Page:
• DETAILED DESCRIPTION
  • [0021]
    The present disclosure provides tools (in the form of methodologies, apparatuses, and systems) for detecting malicious activity. The tools may be embodied in one or more computer programs stored on a computer readable medium or program storage device and/or transmitted via a computer network or other transmission medium.
  • [0022]
    In describing the preferred embodiments of the present disclosure illustrated in the drawings, specific terminology is employed for sake of clarity. However, the present disclosure is not intended to be limited to the specific terminology so selected, and it is to be understood that each specific element includes all technical equivalents which operate in a similar manner.
  • [0023]
    Computer networks often use a set of communications protocols to define how information is communicated within the network. A common example of a set of communications protocols used is the Transmission Control Protocol/Internet Protocol (TCP/IP) set of communications protocols. Many sets of communications protocols, for example TCP/IP, communicate data along the computer network by breaking up data into discrete units of data called packets and communicating each packet individually.
  • [0024]
    An example of a computer network according to an embodiment of the present disclosure is shown in FIG. 1. Computer networks are generally formed by combining one or more subnets 106, 114. A subnet 106, 114 is generally an isolated network segment wherein all network devices 101-104, 109-112, for example computers, that are connected to the subnet, may be free to communicate with one another via a network connecting device such as a router 105, 107, 108.
  • [0025]
    FIG. 1 shows a first subnet 106 that is comprised of four network devices 101-104 that may be, for example, computers connected to the network. A router 105 connects the network devices 101-104 to each other and to the rest of the network thereby defining the subnet 106. A second subnet 114 is also shown. The second subnet is comprised of another four network devices 109-112 connected by a second router 108. A third router 107 connects each subnet to each other and connects the computer network to the internet 113.
  • [0026]
    Each device 101-104, 109-112 on the network has its own unique address. When communicating packets according to TCP/IP, for example, these addresses can be IP addresses. Addresses are generally unique for the entire computer network, and when the computer network is connected to the internet, network addresses are generally globally unique. A network address for a particular device 101-104, 109-112 may contain a number unique to the computer network (network number), a number unique to the subnet 106, 114 of origin within the network (subnet address) and a number unique for the device 101-104, 109-112 within the subnet (host number).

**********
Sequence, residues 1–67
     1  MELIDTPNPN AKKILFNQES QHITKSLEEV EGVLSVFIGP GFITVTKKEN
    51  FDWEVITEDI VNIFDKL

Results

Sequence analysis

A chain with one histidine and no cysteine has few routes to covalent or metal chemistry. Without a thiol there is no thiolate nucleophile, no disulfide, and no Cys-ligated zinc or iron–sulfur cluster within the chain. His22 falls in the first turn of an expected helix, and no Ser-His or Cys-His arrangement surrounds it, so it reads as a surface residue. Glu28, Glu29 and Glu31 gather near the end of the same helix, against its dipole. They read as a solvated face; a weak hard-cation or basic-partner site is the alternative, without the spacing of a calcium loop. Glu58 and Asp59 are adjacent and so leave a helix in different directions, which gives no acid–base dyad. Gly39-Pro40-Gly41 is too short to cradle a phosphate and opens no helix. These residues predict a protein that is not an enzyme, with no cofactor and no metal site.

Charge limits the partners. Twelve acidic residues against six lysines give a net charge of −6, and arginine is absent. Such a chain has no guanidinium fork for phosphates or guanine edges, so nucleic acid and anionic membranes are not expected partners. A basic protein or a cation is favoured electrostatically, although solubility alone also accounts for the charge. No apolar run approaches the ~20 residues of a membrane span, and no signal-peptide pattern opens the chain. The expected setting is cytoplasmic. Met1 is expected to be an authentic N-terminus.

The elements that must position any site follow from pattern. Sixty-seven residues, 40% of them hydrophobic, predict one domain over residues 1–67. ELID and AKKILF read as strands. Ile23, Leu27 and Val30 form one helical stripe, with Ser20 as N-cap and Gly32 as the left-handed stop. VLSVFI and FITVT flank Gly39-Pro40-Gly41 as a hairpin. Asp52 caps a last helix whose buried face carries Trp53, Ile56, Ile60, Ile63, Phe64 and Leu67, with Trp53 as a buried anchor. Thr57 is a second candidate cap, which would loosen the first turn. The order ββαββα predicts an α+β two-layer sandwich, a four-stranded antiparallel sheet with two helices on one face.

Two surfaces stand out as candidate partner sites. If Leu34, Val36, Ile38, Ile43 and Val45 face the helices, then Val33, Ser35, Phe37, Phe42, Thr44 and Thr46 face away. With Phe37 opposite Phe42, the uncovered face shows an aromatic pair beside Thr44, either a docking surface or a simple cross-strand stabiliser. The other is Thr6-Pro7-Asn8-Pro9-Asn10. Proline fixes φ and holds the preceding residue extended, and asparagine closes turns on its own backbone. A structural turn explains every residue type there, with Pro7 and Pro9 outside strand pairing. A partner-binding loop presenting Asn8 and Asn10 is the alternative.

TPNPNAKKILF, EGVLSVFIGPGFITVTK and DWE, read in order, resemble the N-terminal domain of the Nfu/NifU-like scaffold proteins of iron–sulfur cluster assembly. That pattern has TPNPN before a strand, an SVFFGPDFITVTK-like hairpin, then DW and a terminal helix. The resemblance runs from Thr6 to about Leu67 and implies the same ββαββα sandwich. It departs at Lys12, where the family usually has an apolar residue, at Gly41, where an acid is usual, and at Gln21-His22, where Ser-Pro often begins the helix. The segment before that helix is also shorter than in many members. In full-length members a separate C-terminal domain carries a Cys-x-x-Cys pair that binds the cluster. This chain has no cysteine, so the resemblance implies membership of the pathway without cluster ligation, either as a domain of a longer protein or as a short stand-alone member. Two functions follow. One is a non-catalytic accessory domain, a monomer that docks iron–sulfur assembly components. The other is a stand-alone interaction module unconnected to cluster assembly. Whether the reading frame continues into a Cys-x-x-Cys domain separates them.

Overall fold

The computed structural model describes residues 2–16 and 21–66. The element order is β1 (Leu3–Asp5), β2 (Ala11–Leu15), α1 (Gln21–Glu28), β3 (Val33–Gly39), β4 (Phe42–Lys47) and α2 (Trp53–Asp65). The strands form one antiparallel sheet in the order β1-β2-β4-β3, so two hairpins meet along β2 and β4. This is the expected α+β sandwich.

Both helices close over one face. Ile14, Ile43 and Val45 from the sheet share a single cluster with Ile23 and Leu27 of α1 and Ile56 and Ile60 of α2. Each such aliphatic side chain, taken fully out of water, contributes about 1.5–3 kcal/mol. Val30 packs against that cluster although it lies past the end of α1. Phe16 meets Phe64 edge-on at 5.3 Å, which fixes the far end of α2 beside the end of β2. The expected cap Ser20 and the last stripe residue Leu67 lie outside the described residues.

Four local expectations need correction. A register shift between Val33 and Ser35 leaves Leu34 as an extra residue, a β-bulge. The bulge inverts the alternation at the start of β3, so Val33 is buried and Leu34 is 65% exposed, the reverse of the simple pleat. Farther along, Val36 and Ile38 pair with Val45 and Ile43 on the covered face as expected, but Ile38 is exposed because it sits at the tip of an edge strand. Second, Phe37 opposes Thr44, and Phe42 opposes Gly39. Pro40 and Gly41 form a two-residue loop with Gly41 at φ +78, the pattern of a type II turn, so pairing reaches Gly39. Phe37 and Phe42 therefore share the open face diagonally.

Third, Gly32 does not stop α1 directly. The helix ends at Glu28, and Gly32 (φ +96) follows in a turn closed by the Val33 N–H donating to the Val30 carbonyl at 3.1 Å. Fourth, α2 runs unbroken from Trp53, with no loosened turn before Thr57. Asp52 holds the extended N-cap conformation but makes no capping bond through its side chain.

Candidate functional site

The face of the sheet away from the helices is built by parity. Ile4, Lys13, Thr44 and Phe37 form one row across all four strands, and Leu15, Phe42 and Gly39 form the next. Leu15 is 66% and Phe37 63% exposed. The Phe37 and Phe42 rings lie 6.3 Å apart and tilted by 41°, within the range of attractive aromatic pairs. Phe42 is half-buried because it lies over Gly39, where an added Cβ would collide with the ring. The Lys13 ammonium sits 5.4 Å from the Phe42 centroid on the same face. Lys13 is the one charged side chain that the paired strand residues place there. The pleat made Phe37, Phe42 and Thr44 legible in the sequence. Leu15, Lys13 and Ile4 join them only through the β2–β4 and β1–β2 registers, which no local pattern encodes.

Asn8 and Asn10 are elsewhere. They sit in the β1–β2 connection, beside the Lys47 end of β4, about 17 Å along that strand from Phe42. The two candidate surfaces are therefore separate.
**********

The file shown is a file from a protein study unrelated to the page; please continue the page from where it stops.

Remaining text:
• [0027]
    Because network addresses are often expressed hierarchically, starting with the network number, the network addresses for particular devices 101-104, 109-112 within a particular subnet 106, 114 often fall within a particular range of internet addresses. Therefore a listing of internet addresses for devices 101-104, 109-112 located within the network can take the form of a range of internet addresses.
  • [0028]
    In the communication of packets across the network, network devices 101-104, 109-112 can send and receive packets. Packets formed pursuant to sets of communications protocols, for example TCP/IP, generally include addressing information that helps the packets get to their desired destination. Addressing information generally includes a source address indicating the address of the device 101 104, 109-112 from which the packet originated and a destination address indicating the address of the device 101-104, 109-112 to which the packet is to be delivered.
  • [0029]
    Addressing information is generally included in a packet header. A packet header is generally a portion of the packet that includes addressing information along with various other procedural data, for example, error checking data. The substantive data of the packet is generally stored in the packet's body. The header tends to be much smaller than the packet's body.
  • [0030]
    Network connection devices, for example routers 105, 107, 108, can be responsible for routing packets from their source to their destination. The determination of how to rout packets is usually made by each network connection device the packet is communicated through. This determination is generally made by choosing the optimal path for the given packet at that current moment. It is therefore possible that multiple packets relating to the same communication can be routed along different paths before they separately arrive at their destination where they can be recombined.